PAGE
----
Italy is a traveler’s dream. Extraordinary history, architecture, art and food mark every centimetre of this incredible country. The mere mention of popular Italian cities like Rome, Florence or Venice is enough to evoke a flood of romantic images. But there’s even more to discover, all the way from Sicily in the south to the Italian Alps in the North.
I’ll be honest though, traveling through Italy isn’t all golden experiences. There are definite frustrations. Getting around certain cities can be complicated, corruption is an unfortunate part of Italian daily life, and there’s so many tourists, that touts and scams are a given, rather than an exception.
You’ll still fall in love with Italy though. It just can’t be helped.
In this guide, I’ll cover the basics of traveling around Italy, including the best things to see, when to visit, what to eat and how to get around. I’ll also pass on insider tips gleaned from 8 separate trips to Italy + things I’ve learned from friends and family that actually live there.
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Italy is so spoiled with worthy travel experiences that it’s almost impossible to select the best of them. I could easily fill an entire encyclopedia full of things to do in Rome alone.
If you’ve got the time though, there are things that every first-timer to Italy should do and see. In my mind, these are the unmissable experiences – the ones that you should do if you’ll only ever visit Italy once in your lifetime.
Is there a bad time to go to Italy? Probably not, as long as you’re willing to put up with some discomfort, depending on the season.
That’s because Italy’s most comfortable weather coincides with the busiest tourist seasons, in May, June, September, and October. You’ll be physically comfortable, but pay the price with crowded attractions and higher prices all over the country.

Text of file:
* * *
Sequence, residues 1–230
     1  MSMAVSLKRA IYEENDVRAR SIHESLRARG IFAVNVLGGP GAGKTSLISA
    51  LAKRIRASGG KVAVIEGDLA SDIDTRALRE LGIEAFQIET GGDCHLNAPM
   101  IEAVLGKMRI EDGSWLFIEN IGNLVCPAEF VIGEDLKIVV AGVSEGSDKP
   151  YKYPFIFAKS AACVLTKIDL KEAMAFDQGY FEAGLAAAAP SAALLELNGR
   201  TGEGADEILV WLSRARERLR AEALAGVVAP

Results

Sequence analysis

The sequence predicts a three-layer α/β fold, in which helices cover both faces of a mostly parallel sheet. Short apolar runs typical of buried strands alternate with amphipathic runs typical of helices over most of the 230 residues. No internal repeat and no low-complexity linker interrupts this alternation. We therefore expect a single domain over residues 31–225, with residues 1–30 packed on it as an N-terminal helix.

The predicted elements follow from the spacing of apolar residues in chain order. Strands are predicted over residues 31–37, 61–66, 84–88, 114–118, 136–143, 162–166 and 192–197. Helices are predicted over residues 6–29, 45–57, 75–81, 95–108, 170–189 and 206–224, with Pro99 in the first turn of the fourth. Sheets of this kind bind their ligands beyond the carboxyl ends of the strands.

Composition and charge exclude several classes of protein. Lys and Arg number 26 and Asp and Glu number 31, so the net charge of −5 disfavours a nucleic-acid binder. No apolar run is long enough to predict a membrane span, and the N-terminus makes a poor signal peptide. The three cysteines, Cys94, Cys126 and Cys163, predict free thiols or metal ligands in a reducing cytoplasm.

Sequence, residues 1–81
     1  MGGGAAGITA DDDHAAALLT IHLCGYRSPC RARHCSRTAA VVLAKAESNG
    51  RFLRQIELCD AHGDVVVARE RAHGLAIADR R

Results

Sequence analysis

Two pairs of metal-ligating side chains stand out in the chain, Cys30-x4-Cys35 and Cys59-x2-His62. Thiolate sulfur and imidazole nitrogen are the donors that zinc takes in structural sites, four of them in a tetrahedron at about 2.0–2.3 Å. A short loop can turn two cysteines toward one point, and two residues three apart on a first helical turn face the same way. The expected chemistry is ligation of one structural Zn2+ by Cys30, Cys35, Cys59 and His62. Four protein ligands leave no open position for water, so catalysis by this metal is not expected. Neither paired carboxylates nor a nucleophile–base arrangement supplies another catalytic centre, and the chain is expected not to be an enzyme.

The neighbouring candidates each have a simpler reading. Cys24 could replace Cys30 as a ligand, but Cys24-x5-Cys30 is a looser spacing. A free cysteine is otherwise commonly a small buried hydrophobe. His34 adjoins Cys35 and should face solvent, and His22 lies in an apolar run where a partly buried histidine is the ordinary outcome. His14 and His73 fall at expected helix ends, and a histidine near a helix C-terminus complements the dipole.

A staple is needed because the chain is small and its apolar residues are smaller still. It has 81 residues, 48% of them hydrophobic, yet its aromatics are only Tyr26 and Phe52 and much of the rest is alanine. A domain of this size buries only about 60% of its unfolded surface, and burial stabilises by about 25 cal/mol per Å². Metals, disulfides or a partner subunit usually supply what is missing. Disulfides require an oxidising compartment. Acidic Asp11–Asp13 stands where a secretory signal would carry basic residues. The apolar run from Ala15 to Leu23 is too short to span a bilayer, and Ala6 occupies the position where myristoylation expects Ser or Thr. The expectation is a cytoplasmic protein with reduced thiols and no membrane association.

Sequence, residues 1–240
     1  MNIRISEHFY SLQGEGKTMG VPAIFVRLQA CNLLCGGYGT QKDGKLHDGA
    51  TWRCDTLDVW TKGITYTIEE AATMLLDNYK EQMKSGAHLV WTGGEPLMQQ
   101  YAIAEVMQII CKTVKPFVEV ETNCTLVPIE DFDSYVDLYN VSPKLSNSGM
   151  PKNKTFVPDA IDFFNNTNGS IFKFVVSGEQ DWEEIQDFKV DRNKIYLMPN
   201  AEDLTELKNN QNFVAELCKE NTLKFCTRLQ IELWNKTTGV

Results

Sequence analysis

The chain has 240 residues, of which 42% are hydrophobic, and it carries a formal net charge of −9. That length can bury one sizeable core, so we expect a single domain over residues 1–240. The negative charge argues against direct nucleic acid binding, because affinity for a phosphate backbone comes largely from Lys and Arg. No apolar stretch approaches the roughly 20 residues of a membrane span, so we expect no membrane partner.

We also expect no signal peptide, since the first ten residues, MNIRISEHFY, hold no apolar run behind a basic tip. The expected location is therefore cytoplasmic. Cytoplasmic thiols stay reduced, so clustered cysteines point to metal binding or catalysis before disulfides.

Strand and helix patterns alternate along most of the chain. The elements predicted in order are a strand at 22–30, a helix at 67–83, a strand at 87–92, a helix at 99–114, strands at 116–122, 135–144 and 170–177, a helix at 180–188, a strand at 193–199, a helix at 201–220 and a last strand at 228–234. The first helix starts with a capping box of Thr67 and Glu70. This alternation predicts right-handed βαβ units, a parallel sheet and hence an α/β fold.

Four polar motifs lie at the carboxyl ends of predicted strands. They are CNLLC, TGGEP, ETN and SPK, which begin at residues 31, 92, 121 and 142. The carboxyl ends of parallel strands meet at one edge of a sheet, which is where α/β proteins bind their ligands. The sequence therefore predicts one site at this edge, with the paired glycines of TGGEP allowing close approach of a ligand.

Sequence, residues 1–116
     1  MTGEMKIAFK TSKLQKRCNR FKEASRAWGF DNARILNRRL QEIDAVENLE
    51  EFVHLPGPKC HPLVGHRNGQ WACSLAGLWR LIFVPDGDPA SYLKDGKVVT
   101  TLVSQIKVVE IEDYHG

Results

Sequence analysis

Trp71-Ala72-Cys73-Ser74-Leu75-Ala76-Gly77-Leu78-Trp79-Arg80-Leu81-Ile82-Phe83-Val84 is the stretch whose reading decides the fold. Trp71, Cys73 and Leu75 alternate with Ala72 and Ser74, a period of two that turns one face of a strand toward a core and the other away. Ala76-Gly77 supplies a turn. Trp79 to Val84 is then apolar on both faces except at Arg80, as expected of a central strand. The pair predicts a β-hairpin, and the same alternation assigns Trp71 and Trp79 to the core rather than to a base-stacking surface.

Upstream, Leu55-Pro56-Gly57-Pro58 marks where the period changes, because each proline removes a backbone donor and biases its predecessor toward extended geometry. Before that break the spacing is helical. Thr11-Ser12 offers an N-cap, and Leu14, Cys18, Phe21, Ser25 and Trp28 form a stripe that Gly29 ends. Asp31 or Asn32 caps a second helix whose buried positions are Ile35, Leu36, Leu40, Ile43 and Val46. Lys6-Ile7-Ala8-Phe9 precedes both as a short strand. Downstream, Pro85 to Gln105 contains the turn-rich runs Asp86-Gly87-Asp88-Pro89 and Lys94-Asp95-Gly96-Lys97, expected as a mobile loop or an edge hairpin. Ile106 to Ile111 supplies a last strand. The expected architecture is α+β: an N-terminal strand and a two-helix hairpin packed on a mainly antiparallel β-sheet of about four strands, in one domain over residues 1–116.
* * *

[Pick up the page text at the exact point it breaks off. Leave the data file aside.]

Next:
If you’re addicted to sun and sand, like I am, summer is undoubtedly the best time to visit Italy, but I recommend going in July. Many businesses are shuttered as Italians take the entire month of August off to celebrate Ferragosto. As Agri often tells me, there’s only tourists in Rome in August.
Italians are sun worshippers like no other, so August is also when visiting the beach is most expensive. Save yourself the trouble and visit in July if you can. Keep in mind that if you’re not on the beach, it’ll likely be hot and uncomfortable wandering around tourist sights in many cities. Make sure your accommodation has working air conditioning!
Minimum daily budget: 50 EUR and up.
With 50 euros, you could stay in hostels, use local transport, and eat out from time to time. You’ll waste a lot of time waiting in line for marquee attractions like the Colosseum or Vatican Museums, so if you have extra money, use it to book skip the line tickets for the places you REALLY want to see.
Recent stories from Italy
Italy is one of the most visited places on earth with good reason. Incredible natural beauty and an unparalleled history will compete for your attention, never mind the food and gelato, so plan out your itinerary in advance.
This is one destination where it really pays to pre-book fast track admission tickets to popular sites. You’ll save precious hours in line by doing so, because waits for marquee attractions like the Colosseum, Vatican and Michelangelo’s David are guaranteed.
Be sure to reserve your skip-the-line tours or admission tickets as soon as possible. Italy’s eternal popularity comes with crowds year round, and these tickets do sell out far in advance.
November 12, 2019
I lived in Rome for a year before moving back to London, and to be honest, the food is what I miss the most. I passed by Puglia, Florence, Pisa and Naples as well, and I feel like in a year, I had no time to discover Italy as I should have. I really want to move back!!
The food and gelato is definitely the best. I miss getting delicious pasta and pizza on every corner. I feel like you could spend lifetimes in Italy without discovering even a fraction. There’s just so much. But… didn’t the bureaucracy, corruption, and lack of efficiency get to you? Haha, I love visiting, but don’t think I could ever live there.